ZTE kick-starts global race to 5G with advanced equipment geared for deployment from 2018
ZTE Corp, the world’s fourth largest telecommunications equipment supplier, is poised to kick-start the global race to roll-out 5G networks with advanced products ready for trial deployment from the third quarter next year.
Shenzhen-based ZTE said on Tuesday that its new range of equipment would enable existing 4G mobile services providers to reduce the time to build 5G-ready networks, according to a statement released on the sidelines of the annual Mobile World Congress in Barcelona, Spain.
These proprietary “Pre5G” solutions enable operators to emulate the performance of 5G networks on existing 4G infrastructure, and are easily upgradable to 5G in future when the universal standards for the mobile system are completed, according to ZTE.
The announcement came a day after ZTE and Huawei Technologies joined an international contingent of mobile communications companies that has called for the swift completion of “5G New Radio” specifications, which are being developed by the telecommunications association known as the 3rd Generation Partnership Project as part of future universal 5G standards.
That would enable large-scale trials and deployments as early as 2019 on the sub-6 gigahertz spectrum bands, as well as the so-called millimetre wave (mmWave) spectrum bands between 30GHz and 300GHz, geared for 5G mobile services.
The new mmWave and sub-6Ghz mobile base stations launched by ZTE in Barcelona use so-called beam tracking, beam forming, massive multiple input, multiple output and other key technologies behind future 5G networks.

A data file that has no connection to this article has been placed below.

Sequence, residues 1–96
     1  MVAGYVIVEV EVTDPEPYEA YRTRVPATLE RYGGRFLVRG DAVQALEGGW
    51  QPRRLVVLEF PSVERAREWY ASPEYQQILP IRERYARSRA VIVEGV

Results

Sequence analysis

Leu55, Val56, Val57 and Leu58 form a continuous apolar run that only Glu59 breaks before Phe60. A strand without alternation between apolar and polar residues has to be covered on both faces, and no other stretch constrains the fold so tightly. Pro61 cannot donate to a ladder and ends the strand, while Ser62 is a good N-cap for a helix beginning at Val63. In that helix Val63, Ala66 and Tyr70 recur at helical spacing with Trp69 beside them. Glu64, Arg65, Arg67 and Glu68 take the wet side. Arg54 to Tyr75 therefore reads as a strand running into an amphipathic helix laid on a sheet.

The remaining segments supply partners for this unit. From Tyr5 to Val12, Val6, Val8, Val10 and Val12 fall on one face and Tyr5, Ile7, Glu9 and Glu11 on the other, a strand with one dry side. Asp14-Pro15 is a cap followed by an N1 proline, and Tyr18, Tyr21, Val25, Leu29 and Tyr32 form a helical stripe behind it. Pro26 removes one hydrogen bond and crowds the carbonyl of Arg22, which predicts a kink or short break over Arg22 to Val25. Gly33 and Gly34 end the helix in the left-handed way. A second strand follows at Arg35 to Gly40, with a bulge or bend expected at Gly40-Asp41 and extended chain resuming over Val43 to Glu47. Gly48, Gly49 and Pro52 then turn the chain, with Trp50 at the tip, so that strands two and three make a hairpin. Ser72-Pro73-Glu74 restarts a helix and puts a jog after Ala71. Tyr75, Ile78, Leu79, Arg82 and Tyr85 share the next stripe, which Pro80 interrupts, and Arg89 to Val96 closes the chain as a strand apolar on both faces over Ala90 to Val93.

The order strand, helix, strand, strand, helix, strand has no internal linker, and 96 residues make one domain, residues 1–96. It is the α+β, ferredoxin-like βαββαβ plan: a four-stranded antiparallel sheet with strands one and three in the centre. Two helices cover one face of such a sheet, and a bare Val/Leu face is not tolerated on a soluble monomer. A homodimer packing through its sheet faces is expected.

“ZTE will work together with partners to push forward 5G trials and promote the launch of commercial 5G [networks] worldwide,” said Xu Huijun, the chief technology officer at ZTE.
The Hong Kong-listed firm, which sells network equipment to about 500 telecommunications operators in more than 160 countries, said its 5G products are expected to be commercially deployed by various service providers in the first quarter of 2019.
The speed of a country’s adoption of 5G may determine how fast its industries and consumers can start benefiting from the advances the new mobile system will deliver.
Significant network improvements come in the form of enhanced mobile broadband, which supports applications like augmented and virtual reality entertainment and distance education; machine-to-machine communications, for large-scale implementation of the internet of things devices; and ultra-reliable, low-latency communications for applications like tele-surgery and self-driving cars.
“In the case of China, the government is very keen to push the buildout of 5G, not only to help establish the country as a key player in the 5G [hardware and software] supply chain, but also ... to support initiatives to become a leading digital economy,” Jefferies equity analyst Edison Lee said in a recent report.
The International Telecommunications Union, a United Nations agency, expects to reach agreement for a single global 5G standard between 2019 and 2020.
There are 25 mobile network operators which have announced 5G tests ahead of the completion of final standards for the technology, according to US-based network test, monitoring and assurance systems provider Viavi Solutions last week.
Twelve of those have progressed to field tests, while four plan to conduct 5G trials, it said.
China Mobile, the world’s largest wireless network operator, said last week that it plans to push forward with over-the-air field trials on the mainland’s 3.5GHz spectrum band in the second half of this year, employing key technologies from ZTE and Qualcomm Technologies.